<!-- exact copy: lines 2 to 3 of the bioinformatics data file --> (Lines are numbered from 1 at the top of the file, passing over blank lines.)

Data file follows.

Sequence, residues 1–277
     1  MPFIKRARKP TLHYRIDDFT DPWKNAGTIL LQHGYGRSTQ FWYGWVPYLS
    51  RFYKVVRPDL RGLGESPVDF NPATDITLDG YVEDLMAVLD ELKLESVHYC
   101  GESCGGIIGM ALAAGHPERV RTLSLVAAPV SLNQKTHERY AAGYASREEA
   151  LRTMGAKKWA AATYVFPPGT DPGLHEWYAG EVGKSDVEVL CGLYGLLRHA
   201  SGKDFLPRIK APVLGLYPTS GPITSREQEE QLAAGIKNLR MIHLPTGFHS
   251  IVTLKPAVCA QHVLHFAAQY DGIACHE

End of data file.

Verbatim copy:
     1  MPFIKRARKP TLHYRIDDFT DPWKNAGTIL LQHGYGRSTQ FWYGWVPYLS
    51  RFYKVVRPDL RGLGESPVDF NPATDITLDG YVEDLMAVLD ELKLESVHYC